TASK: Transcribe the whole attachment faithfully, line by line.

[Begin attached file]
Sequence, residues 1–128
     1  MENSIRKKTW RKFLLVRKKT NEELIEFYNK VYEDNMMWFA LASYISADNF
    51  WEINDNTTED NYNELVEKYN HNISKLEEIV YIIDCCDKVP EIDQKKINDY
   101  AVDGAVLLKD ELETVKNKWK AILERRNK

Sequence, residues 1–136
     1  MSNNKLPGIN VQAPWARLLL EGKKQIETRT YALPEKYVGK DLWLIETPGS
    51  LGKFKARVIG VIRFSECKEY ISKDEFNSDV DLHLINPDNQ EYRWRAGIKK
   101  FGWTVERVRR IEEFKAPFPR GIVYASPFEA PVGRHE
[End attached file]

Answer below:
Sequence, residues 1–128
     1  MENSIRKKTW RKFLLVRKKT NEELIEFYNK VYEDNMMWFA LASYISADNF
    51  WEINDNTTED NYNELVEKYN HNISKLEEIV YIIDCCDKVP EIDQKKINDY
   101  AVDGAVLLKD ELETVKNKWK AILERRNK

Sequence, residues 1–136
     1  MSNNKLPGIN VQAPWARLLL EGKKQIETRT YALPEKYVGK DLWLIETPGS
    51  LGKFKARVIG VIRFSECKEY ISKDEFNSDV DLHLINPDNQ EYRWRAGIKK
   101  FGWTVERVRR IEEFKAPFPR GIVYASPFEA PVGRHE